Synopses & Reviews
“Road Dogs is terrific, and Elmore Leonard is in a class of one.”
—Dennis Lehane, author of Shutter Island and Mystic River
“You know from the first sentence that youre in the hands of the original Daddy Cool....This onell kill you.”
Elmore Leonard is eternal. In Road Dogs, the PEN USA Lifetime Achievement Award winner and “Americas greatest crime master” (Newsweek) brings back three of his favorite characters—Jack Foley from Out of Sight, Cundo Rey from La Brava, and Dawn Navarro from Riding the Rap—for a twisting, explosive, always surprising masterwork of crime fiction the San Francisco Chronicle calls, “a sly, violent, funny and superbly written story of friendship, greed, and betrayal.”
"Leonard launches three characters from previous novels on a collision course in this seemingly effortless performance. After prison buddy Cundo Rey (last seen in LaBrava) drops a bundle on a shark attorney, celebrity bank robber Jack Foley (from Out of Sight) gets his 30-year prison sentence reduced to 30 months. Jack's quickly back in the world, living large in one of Cundo's two multimillion-dollar houses in Venice, Calif., juggling a fast seduction with fortune-teller (from Riding the Rap) Dawn Navarro (who is now Cundo's lady) and the untoward attention of rogue FBI agent Lou Adams, who's waiting for Foley to rob another bank. While Dawn tries to enlist Foley in a scheme to steal Cundo's off-the-books fortune, Cundo surprises them with an early release. Betrayal simmers while Foley considers going semi-straight with the help of a widowed starlet Dawn hatches a plan that could get her rich and rid her of all her problems, and Cundo's associates and neighborhood toughs get sucked into the fray. The plot isn't as tight as it could be, but Leonard's singular way with words is reason enough to read it." Publishers Weekly (Copyright Reed Business Information, Inc.)
"[F]ull of wonderful banter and the kind of back-and-forthing between characters out to double- and triple-cross each other that Ross Thomas used to do so well....Reading isn't supposed to be this much fun." Booklist (Starred Review)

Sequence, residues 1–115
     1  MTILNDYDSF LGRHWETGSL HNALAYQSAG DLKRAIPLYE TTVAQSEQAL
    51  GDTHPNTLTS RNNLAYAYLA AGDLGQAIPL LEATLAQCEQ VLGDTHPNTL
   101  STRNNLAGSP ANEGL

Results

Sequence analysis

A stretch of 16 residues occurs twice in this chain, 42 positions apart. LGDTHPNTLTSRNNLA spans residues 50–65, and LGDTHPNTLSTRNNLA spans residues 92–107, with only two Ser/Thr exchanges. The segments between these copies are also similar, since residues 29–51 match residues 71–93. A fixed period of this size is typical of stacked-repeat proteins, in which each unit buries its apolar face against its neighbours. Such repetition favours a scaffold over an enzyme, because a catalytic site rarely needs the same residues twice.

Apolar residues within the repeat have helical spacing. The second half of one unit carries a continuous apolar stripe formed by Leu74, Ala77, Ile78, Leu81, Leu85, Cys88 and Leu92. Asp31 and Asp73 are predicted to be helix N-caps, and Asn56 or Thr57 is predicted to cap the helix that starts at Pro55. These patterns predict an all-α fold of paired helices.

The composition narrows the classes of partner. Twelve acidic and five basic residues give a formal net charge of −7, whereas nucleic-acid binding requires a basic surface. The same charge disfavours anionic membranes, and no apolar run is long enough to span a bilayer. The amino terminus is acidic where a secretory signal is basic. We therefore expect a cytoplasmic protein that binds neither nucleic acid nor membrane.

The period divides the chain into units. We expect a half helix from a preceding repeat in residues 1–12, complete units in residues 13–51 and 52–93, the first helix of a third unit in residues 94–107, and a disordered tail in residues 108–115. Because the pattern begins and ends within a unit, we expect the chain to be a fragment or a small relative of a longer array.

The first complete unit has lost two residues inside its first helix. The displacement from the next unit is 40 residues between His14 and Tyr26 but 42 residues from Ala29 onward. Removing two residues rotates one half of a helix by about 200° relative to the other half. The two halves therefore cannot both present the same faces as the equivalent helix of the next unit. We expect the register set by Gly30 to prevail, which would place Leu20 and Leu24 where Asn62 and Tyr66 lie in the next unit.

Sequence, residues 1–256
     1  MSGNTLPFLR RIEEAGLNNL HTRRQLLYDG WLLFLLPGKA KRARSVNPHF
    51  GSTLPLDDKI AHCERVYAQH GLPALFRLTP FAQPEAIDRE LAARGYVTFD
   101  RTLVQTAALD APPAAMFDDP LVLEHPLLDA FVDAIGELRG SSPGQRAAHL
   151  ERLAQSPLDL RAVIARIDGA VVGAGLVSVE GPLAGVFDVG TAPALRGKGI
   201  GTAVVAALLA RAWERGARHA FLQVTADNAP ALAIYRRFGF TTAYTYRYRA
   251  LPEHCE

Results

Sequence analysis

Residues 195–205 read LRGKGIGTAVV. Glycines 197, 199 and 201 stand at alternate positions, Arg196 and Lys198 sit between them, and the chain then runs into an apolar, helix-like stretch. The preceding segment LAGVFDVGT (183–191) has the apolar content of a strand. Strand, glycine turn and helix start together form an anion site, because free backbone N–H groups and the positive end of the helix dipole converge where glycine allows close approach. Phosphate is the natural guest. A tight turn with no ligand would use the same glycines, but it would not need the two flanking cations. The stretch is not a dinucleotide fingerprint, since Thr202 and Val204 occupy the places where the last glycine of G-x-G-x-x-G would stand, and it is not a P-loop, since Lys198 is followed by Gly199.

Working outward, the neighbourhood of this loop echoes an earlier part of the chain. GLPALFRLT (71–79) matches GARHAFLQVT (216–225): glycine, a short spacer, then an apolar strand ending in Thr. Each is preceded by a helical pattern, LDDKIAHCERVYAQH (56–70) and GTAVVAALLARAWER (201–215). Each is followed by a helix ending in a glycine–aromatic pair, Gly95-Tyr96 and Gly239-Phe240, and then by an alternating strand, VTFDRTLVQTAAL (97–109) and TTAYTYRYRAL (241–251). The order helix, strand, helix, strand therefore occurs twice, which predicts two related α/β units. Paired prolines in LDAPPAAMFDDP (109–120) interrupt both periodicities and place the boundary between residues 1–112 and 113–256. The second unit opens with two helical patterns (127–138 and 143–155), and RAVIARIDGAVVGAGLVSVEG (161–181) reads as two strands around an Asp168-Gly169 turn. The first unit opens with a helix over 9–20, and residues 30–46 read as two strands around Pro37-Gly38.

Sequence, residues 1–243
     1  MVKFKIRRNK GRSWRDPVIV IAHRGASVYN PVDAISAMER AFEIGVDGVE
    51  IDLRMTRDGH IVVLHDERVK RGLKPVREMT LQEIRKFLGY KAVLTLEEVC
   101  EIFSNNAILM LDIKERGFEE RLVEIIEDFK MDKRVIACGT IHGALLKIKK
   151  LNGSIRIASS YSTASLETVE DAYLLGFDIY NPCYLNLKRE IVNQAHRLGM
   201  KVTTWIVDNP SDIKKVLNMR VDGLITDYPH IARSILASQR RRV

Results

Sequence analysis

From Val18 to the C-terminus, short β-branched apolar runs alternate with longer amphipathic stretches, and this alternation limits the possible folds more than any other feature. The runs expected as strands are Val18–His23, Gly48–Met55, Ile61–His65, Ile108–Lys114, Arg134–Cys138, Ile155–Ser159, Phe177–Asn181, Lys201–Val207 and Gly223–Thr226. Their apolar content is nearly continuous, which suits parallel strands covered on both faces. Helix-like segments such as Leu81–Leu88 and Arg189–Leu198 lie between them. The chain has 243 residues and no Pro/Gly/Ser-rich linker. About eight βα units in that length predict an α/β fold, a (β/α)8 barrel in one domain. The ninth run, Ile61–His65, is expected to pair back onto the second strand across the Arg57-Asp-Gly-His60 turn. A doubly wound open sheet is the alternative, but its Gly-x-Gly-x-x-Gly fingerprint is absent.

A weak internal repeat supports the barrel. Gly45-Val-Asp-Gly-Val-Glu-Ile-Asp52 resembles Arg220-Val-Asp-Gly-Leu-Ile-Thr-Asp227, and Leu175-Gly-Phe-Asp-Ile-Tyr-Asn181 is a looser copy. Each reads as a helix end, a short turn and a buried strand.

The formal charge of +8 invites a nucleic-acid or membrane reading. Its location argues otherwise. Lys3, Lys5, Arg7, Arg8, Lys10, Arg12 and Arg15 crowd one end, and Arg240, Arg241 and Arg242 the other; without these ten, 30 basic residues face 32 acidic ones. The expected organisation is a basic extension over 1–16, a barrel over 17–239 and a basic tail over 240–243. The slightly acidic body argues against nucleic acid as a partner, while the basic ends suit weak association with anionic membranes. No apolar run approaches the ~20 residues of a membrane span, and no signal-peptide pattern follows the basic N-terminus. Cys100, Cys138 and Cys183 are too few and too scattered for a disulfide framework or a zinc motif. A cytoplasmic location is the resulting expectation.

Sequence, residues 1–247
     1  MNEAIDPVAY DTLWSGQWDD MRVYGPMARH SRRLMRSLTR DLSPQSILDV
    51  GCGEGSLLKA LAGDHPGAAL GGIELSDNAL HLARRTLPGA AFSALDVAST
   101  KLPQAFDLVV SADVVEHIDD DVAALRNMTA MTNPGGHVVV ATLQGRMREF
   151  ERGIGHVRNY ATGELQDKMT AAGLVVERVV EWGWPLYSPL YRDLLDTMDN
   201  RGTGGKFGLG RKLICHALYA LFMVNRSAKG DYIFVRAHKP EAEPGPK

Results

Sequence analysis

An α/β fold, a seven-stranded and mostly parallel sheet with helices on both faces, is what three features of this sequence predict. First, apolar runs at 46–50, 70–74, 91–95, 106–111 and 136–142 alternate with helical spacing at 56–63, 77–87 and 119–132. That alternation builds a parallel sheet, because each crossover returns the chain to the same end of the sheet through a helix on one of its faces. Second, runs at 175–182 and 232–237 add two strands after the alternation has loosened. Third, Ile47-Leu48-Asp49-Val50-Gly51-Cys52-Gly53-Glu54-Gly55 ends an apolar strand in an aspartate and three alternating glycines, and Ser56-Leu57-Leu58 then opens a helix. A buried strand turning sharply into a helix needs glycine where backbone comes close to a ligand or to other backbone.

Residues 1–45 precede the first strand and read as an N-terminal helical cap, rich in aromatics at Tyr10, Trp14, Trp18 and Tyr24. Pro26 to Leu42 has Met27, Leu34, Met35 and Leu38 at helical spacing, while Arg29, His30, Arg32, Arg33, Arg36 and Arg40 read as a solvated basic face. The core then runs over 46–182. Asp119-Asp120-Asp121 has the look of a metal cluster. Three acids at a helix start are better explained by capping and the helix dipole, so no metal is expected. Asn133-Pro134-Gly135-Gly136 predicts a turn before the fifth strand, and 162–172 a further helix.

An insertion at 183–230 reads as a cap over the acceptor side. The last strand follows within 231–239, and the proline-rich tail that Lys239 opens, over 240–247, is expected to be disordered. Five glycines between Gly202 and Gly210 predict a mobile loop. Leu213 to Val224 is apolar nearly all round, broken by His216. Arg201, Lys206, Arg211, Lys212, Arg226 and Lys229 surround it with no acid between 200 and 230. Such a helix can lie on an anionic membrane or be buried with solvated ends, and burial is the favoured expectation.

"[O]ne of Mr. Leonard's most enjoyably sneaky stories....Mr. Leonard, now 83, still writes with high style, great energy, unflappable cool and a jubilant love of the game. As ever, his scorn for fussy prose is best expressed through his own superbly lean locutions." Janet Maslin, The New York Times
"[T]he double-crosses are the stuff of the master's best work....What works best are the matchless incidental pleasures Leonard's world always provides, from lightning-fast descriptions to bull's-eye dialogue..." Kirkus Reviews
"Road Dogs is vintage Leonard — a sly, violent, funny and superbly written story of friendship, greed and betrayal....Leonard [is] still at the top of his game at the age of 83." The Associated Press
Road Dogs is Leonard at his best — with his trademark tight plotting and pitch-perfect dialogue — and readers are sure to love seeing Cundo Rey, Jack Foley, and Dawn Navarro back in action and working together...or are they?
Jack Foley and Cundo Rey are road dogs: trusted jailhouse comrades watching each other's back. They're so tight, Cundo's using his own money and his shark lady lawyer to get Foley's sentence reduced from thirty years to three months. And when Jack gets out, the wealthy Cuban criminal wants him to stay in Cundo's multimillion dollar Venice Beach house — right across from the one where Cundo's common-law wife, professional psychic Dawn Navarro, resides.
There will certainly be some payback expected, though Jack can't figure out what. Sexy Dawn's intentions are a lot clearer. But Cundo's coming home earlier than anticipated, and Jack smells a double-cross cooking — the kind that could turn a road dog into road kill.
About the Author
Elmore Leonard has written more than forty novels, including bestsellers Up in Honey's Room, The Hot Kid, Mr. Paradise, Tishomingo Blues, Pagan Babies, and Glitz. Many of his books have been made into movies, including Get Shorty and Out of Sight. He lives with his wife, Christine, in Bloomfield Village, Michigan.